Dynamic heterogeneity and life histories
ABSTRACT Biodemography is increasingly focused on the large and persistent differences between individuals within populations in fitness components (age at death, reproductive success) and fitness-related components (health, biomarkers) in humans and other species. To study such variation we propose the use of dynamic models of observable phenotypes of individuals. Phenotypic change in turn determines variation among individuals in their fitness components over the life course. We refer to this dynamic accumulation of fitness differences as dynamic heterogeneity and illustrate it for an animal population in which longitudinal data are studied using multistate capture-mark-recapture models. Although our approach can be applied to any characteristic, for our empirical example we use reproduction as the phenotypic character to define stages. We indicate how our stage-structured model describes the nature of the variation among individual characteristics that is generated by dynamic heterogeneity. We conclude by discussing our ongoing and planned work on animals and humans. We also discuss the connections between our work and recent work on human mortality, disability and health, and life course theory.
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ABSTRACT: A commentary is offered on the chapters that comprise the section on Theoretical Foundations, emphasizing novel contributions of each. Three additional points are then made. First, while the biology of reproductive aging may be common to all human populations, its actual course can be expected to vary between individuals and between populations depending on ecological conditions and developmental histories. Second, increasing fertility (such as that typical of humans compared with hominoid relatives and imputed ancestral species) decreases the opportunity and impact of contributions from ascendant relatives and increases the opportunity and impact of contributions from collateral and descendent relatives in promoting the fitness of a focal individual. Finally, an argument is made that the major change in human life history physiology in the Pleistocene has been the extension of adult lifespan, not any change in ovarian physiology or rate of reproductive senescence, and that extended lifespan created a selection pressure for the emergence of indirect reproductive effort among postreproductive individuals, not the reverse.Annals of the New York Academy of Sciences 08/2010; 1204:11-20. · 3.15 Impact Factor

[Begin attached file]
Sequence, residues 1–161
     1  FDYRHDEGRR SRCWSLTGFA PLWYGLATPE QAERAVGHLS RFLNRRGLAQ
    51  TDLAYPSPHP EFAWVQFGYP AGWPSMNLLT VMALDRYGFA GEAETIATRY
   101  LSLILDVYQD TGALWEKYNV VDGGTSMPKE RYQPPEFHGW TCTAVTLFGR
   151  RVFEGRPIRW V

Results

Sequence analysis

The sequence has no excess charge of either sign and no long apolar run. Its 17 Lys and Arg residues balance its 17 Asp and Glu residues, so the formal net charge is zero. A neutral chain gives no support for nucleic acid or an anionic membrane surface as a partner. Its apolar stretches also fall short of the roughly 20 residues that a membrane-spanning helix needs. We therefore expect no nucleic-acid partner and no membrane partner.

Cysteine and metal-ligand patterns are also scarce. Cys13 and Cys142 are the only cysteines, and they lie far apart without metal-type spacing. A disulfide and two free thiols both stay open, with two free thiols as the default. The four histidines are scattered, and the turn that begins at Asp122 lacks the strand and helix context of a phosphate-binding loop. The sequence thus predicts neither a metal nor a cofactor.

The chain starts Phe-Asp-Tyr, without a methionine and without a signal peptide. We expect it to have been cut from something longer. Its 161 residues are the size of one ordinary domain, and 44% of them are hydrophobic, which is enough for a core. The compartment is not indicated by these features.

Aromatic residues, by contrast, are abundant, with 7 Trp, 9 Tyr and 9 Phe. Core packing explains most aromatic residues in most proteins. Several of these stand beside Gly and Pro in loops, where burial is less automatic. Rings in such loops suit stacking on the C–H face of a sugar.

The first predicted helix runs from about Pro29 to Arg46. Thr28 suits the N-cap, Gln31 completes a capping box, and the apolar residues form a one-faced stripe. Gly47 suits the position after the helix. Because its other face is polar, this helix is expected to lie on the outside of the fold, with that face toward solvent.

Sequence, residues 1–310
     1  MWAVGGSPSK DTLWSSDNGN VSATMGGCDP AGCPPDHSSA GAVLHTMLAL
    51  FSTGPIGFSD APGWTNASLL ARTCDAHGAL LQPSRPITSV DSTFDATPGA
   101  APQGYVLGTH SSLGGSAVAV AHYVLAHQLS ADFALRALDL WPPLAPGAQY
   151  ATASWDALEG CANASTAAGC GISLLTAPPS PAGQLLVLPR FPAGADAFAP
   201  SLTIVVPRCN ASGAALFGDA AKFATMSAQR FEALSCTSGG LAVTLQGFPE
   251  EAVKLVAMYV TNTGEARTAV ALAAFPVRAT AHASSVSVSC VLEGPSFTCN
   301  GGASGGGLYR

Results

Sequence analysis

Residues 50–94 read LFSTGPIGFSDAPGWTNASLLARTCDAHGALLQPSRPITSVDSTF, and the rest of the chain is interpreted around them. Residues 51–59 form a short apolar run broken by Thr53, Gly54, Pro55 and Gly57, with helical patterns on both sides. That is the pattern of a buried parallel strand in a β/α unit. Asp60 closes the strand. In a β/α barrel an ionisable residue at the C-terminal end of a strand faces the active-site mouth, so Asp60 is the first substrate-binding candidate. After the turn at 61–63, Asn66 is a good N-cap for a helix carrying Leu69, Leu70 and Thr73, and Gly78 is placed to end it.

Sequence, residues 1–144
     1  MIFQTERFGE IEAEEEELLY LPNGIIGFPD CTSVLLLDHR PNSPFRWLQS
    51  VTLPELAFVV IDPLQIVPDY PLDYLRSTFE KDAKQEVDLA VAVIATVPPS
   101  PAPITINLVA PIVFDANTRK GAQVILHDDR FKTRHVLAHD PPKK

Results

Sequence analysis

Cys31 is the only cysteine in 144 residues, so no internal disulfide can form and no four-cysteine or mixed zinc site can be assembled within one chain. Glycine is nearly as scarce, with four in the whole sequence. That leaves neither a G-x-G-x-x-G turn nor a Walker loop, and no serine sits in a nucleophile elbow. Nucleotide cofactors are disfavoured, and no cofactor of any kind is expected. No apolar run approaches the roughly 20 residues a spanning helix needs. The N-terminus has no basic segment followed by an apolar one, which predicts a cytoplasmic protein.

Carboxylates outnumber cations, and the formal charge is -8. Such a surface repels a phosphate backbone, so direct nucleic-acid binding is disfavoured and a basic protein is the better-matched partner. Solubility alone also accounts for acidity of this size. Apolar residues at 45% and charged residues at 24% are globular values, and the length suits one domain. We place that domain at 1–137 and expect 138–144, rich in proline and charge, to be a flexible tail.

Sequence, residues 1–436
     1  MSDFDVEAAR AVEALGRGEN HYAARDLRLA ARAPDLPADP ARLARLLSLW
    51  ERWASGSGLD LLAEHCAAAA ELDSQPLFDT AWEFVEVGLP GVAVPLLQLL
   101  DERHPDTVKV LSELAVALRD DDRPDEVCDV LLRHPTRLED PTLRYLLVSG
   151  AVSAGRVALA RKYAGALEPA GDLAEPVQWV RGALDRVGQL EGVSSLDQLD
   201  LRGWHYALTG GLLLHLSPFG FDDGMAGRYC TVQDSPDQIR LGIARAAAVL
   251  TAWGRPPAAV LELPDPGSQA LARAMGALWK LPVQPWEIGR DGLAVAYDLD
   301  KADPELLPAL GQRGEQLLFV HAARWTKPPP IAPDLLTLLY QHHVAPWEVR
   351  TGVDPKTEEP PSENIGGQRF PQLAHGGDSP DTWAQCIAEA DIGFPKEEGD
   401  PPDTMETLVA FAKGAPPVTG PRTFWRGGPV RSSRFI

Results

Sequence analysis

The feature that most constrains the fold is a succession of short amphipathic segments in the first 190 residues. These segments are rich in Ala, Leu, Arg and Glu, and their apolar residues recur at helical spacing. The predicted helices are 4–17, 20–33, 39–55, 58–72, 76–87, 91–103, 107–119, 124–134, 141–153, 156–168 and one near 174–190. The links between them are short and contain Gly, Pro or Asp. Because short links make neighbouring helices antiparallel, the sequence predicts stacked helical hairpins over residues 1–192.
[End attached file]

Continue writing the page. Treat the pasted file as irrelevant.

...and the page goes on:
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ABSTRACT: The net reproductive rate R0 measures the expected lifetime reproductive output of an individual, and plays an important role in demography, ecology, evolution, and epidemiology. Well-established methods exist to calculate it from age- or stage-classified demographic data. As an expectation, R0 provides no information on variability; empirical measurements of lifetime reproduction universally show high levels of variability, and often positive skewness among individuals. This is often interpreted as evidence of heterogeneity, and thus of an opportunity for natural selection. However, variability provides evidence of heterogeneity only if it exceeds the level of variability to be expected in a cohort of identical individuals all experiencing the same vital rates. Such comparisons require a way to calculate the statistics of lifetime reproduction from demographic data. Here, a new approach is presented, using the theory of Markov chains with rewards, obtaining all the moments of the distribution of lifetime reproduction. The approach applies to age- or stage-classified models, to constant, periodic, or stochastic environments, and to any kind of reproductive schedule. As examples, I analyze data from six empirical studies, of a variety of animal and plant taxa (nematodes, polychaetes, humans, and several species of perennial plants).PLoS ONE 01/2011; 6(6):e20809. · 4.09 Impact Factor